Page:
Thursday, June 14, 2018

A Quick Look: HOT RODS TO HELL (1966 - color)

   Though it came along in the later half of the 60's, HOT RODS TO HELL could easily have been a 50's suspenser. Dana Andrews is a happy-go-lucky suburban husband and father until a car crash one Christmas changes him into a sour, gun-shy man near the end of his nerve. Oh, he's no coward or anything, but he's overly-cautious to the point of being considered so by his family. When he gets a new job in the desert, the family packs up. When they get there, though, they find it JD central, with the family harassed by a hot rod gang that picks on them for no reason... at the start. Eventually, they find a reason, in the lead thug making designs on the family's teenage daughter! As so often happens with Dana Andrews, he's pushed to the breaking point, where he fights back! Super-charged combination of domestic drama, psychological suspense, and JD thriller, HOT RODS TO HELL remains mysteriously obscure. The film has some fans, and was even used as the frame for a Freakazoid! cartoon entitled "Hot Rods From Heck" but it's not got near the reputation it should. Reference materials often write the film off as an ineffective B picture, but it's got a lot going for it. Though the family is the main focus, the script tries to offer plenty of insight into the roughnecks as well, making it a more balanced affair than one might expect. Dana Andrews played a number of troubled men who must overcome extraordinary circumstances, so he's a natural here. Jeanne Crain plays his wife, and Mimsy Farmer is one of the delinquent girls. Reportedly, the film was to be made as early as 1955, but didn't get produced until 1966 as a planned TV movie (which, if true, explains a lot of the film's aesthetic aspects). Instead, the film was released theatrically in 1967. Recommended.

Friday, June 8, 2018

A Quick Look: EMPIRE OF THE ANTS (1977 - color)

   EMPIRE OF THE ANTS was Bert Gordon's return to the giant insect genre, exploring the events which plague a resort island and surrounding farming community after a colony of ants is exposed to a leaky barrel of toxic waste (which was a trope as familiar to 70's/80's genre pictures as atomic radiation was to the previous two decades). As you can see, the ants sprout to monstrous size as result of their exposure. They also become super-intelligent and learned in the ways of mind control, enslaving an entire town into serving them. Fortunately, Robert Lansing is around to fight back. Noted for the presence of Joan Collins, the film is interesting if imperfect. The effects are, for the most part, not bad, but the mixing of photo-enlarged real ants against and location background plates often looks more whimsical than terrifying. The full-sized monster ant props look okay, but they're used almost entirely in quick cuts. You get a much better look at them in production photos like this one. Very loosely based on an H.G. Wells story, the film might've been more effective had it been made back in the 50's. Certainly, the film's effects would've looked a bit better in black and white. The pacing is also uneven, and it lags here and there. All in all, though, not a horrible way to spend an hour and a half if you're looking for some 70's drive-in fare. It's certainly no KINGDOM OF THE SPIDERS, but it's not a total dud either.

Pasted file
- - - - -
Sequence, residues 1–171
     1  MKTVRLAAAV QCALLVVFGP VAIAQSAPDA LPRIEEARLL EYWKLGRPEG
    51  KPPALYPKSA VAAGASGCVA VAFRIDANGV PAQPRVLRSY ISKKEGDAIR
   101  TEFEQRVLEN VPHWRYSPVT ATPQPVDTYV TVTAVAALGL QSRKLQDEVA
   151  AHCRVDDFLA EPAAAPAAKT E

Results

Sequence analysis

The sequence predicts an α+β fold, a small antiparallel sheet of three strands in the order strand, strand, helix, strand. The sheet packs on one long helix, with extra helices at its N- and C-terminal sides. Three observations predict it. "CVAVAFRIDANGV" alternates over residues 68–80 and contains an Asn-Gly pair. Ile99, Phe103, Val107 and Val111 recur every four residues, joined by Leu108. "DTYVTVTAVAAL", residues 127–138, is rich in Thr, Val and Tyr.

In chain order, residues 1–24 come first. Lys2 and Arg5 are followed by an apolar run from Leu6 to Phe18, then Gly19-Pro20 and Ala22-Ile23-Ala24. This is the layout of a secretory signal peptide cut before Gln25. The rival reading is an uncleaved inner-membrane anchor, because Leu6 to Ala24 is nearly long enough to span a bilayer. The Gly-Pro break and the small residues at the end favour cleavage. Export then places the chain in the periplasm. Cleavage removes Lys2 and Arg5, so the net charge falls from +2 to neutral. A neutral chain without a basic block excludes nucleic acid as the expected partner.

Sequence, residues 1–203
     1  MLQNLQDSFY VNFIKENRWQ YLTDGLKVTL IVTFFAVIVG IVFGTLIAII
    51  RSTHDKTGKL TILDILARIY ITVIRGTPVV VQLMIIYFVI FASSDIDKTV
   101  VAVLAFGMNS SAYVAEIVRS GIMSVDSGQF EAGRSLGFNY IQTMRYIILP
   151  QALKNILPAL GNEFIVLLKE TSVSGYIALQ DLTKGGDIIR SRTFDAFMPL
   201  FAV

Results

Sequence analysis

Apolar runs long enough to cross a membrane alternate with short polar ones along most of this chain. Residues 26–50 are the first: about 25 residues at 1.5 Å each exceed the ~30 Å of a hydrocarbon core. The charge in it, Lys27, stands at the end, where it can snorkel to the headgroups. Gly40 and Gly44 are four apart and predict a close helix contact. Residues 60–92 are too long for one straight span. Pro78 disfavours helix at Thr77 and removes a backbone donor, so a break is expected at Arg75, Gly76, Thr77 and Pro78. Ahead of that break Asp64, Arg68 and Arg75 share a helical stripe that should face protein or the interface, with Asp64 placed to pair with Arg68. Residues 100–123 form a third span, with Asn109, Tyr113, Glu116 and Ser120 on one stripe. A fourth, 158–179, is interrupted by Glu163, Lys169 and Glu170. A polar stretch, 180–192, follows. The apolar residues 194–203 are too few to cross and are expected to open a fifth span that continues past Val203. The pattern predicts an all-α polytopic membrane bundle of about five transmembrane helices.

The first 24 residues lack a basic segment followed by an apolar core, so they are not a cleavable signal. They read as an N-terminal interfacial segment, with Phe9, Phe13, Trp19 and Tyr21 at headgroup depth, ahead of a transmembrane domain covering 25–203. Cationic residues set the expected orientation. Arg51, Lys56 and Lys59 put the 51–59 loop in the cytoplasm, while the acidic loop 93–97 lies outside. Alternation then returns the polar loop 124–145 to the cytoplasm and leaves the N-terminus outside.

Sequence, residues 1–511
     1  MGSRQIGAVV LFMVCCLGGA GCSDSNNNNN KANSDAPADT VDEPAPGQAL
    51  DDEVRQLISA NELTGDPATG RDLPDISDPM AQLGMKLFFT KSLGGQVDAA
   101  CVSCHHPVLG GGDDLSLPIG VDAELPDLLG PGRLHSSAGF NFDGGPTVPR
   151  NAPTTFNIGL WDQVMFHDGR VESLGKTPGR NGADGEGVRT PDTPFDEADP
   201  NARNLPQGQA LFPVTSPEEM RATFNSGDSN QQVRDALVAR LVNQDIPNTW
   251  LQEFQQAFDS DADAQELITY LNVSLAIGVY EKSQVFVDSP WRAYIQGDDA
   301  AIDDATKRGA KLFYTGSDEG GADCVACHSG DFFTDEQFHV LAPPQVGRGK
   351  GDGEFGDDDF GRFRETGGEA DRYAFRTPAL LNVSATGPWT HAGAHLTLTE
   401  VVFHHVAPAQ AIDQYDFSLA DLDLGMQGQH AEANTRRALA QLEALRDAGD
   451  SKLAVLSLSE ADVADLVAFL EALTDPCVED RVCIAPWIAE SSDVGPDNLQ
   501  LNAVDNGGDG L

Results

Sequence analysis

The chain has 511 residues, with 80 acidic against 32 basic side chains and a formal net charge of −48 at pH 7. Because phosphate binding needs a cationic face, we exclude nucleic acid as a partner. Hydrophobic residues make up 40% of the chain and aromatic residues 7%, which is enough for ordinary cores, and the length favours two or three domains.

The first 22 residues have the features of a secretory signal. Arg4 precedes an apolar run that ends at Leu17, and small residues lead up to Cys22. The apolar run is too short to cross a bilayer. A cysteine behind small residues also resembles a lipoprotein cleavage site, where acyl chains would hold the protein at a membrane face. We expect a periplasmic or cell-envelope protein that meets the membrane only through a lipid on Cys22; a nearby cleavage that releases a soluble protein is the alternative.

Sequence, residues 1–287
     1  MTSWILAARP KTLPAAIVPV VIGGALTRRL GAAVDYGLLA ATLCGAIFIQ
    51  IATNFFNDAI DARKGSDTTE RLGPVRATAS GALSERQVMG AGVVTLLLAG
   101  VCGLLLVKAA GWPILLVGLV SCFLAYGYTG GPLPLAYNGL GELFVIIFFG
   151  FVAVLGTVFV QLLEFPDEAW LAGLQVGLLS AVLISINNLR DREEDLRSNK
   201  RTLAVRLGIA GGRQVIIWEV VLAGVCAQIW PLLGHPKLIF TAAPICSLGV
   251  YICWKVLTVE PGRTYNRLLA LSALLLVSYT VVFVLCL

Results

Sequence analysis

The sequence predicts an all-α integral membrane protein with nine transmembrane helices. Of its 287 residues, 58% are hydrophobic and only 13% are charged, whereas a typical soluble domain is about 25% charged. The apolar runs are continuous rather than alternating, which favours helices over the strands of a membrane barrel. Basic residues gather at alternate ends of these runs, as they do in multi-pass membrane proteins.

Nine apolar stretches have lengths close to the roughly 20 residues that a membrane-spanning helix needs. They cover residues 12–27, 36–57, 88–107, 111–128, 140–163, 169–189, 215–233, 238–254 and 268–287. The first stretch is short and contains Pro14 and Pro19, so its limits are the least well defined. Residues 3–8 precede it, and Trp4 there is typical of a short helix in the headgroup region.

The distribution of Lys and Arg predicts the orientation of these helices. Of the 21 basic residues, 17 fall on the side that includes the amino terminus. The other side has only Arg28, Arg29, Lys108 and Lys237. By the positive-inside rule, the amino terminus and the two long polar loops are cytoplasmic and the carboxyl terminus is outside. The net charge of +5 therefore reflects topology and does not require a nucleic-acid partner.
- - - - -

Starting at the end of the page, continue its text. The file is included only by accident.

Wednesday, June 6, 2018

Advance ad

Ad created by Jim Ludwig for the upcoming Crissy Carrots graphic novel, LOVE IN BLOOM....

Saturday, June 2, 2018


   Not only is the Crissy Carrots graphic novel, LOVE IN BLOOM, moving towards publication, but the book will be in full COLOR! Here's an in-progress color sheet by Jim Ludwig (the art is mine) showing Crissy's pal Daisy Poise. An animated movie is also in the works! More on that later... Praise the Lord!

Thursday, May 31, 2018

A Quick Look: THE LIVING DAYLIGHTS (1987 - color)

   With Roger Moore's departure, EON set about casting the new James Bond. Pierce Brosnan was very nearly cast when his television series Remington Steele was renewed to take advantage of the news, thus preventing Brosnan from playing 007. (The revived series subsequently was very short-lived, but Pierce would have another shot in the next decade.) THE LIVING DAYLIGHTS eventually starred Timothy Dalton, who saw Sean Connery as his role model for the part. This new version of Bond was much grittier, and his adventures based more firmly in present day events. Here, our hero gets entangled in a plot involving a false defector in union with an arms dealer hoping to escalate the Afghanistan war. The defector even dupes his trusting sweetheart, with whom Bond joins up to track his quarry down. Maryam D'Abo is the beautiful Russian girl, a more petite sort of Bond girl than we're used to seeing, but an absolute knockout all the same. Joe Don Baker (no relation) puts in a fine performance as an arms dealer who fancies himself a soldier -despite his never really being in an actual military service. I saw this movie again after some years had passed and I'd largely forgotten it. I really enjoyed it! A fine adventure film, and Dalton's more layered characterization as Bond is quite riveting. Interestingly, one of the names suggested before Dalton's casting was Sam Neil. Neil would've been a very good choice, I think, but Dalton is certainly fitting for the late 80's Bond. John Barry provides his final 007 soundtrack, and the results are impressive as ever. THE LIVING DAYLIGHTS did extremely well, and the next film, LICENSE TO KILL, was short in coming.